I used AIM a *lot* in the late 90s, before moving to ICQ. Back then, there was sort of a holy war between AIM and ICQ, and the more serious computer users (read, an hour of internet time a day) seemed to use ICQ. From my personal experience, I stopped using ICQ in 2000 when a new version (I think it was 2000b) was released that was so buggy it was unusable on Windows 98. The community I was around all sort of migrated to AIM, and have used it ever since.

So long before what is now called “social media”, AIM served as a way to keep friends together, but not incessantly. I have my chat client logged into AIM right now, and even though I haven’t used it in years, I have a whole list of people who are also still logged in. It’s sort of like an active rolodex. In many ways, the buddy list now serves as a communication channel to people who I have no other way to contact anymore. Some might be stale, but the possibility is there. Until December.

I’m not sure why AOL wants to discontinue it. One of AIM’s main problems is that it’s centralized, through a protocol called OSCAR. I have no idea how difficult it is to maintain an AIM server. I have run jabber servers before, and they are usually pretty low maintenance. I wonder if there is some bureaucratic issue going on. Maybe AOL has to pay someone a license to keep it running, and now they’ve decided it is too expensive. Maybe there are a lot of security issues with the protocol, and they want to get rid of their security team that deals with it.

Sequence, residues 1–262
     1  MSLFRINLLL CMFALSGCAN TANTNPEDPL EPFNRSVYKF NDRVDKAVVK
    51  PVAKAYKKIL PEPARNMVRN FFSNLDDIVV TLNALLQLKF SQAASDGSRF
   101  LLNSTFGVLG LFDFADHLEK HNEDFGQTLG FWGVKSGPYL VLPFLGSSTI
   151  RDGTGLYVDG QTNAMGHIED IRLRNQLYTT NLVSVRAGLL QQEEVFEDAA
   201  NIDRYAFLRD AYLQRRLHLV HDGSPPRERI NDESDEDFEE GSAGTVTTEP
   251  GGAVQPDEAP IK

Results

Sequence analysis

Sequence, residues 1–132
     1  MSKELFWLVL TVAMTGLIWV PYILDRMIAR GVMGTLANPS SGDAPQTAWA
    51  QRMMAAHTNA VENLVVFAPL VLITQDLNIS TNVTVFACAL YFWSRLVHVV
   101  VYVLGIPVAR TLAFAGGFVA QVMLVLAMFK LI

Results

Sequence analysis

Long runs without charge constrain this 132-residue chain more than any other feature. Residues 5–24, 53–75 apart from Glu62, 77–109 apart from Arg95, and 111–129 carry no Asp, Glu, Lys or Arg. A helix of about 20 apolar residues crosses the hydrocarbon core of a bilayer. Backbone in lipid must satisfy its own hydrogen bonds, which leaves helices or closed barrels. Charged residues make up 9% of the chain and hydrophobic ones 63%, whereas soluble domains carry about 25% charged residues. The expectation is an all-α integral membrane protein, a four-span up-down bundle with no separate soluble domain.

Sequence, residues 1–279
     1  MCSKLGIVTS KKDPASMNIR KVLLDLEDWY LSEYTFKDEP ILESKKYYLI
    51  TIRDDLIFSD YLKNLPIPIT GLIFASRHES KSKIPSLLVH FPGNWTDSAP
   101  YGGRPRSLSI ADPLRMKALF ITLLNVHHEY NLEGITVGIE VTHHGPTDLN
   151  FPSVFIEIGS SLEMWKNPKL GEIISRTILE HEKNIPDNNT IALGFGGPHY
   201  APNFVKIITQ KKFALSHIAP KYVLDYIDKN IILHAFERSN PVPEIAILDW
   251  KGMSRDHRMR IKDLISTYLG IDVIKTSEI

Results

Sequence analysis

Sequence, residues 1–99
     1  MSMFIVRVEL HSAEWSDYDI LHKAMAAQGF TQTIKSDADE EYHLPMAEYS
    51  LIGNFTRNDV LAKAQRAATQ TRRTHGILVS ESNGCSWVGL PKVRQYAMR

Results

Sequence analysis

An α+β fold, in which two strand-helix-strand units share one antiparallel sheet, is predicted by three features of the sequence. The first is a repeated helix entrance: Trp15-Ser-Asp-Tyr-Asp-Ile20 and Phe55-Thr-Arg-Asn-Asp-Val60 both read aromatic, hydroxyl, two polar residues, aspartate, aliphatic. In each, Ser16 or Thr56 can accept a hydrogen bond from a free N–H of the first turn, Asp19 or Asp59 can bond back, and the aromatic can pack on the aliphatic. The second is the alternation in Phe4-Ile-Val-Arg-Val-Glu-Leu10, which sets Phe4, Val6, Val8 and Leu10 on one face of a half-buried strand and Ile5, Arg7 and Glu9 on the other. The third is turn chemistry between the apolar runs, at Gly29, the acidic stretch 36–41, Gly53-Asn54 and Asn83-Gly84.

I wish they were more transparent about it. I wish they would do something for the AIM community– maybe set up a small nonprofit whose sole purpose is to collect donation money to keep the AIM servers running. Or make it all totally free software so someone could patch it to be decentralized, and keep it all still running. But again, this is all speculation, I have no idea. The one thing I do know is it makes me sad.

I’ve also become disillusioned with this new generation of technology. I’m a huge fan of personal liberty, using technology to empower individuals, and using computers to make cool projects and maybe even solve complex problems. But technology now seems to be about agreeing to 40 page EULAs you can’t possibly understand, and about companies taking more and more control over your life.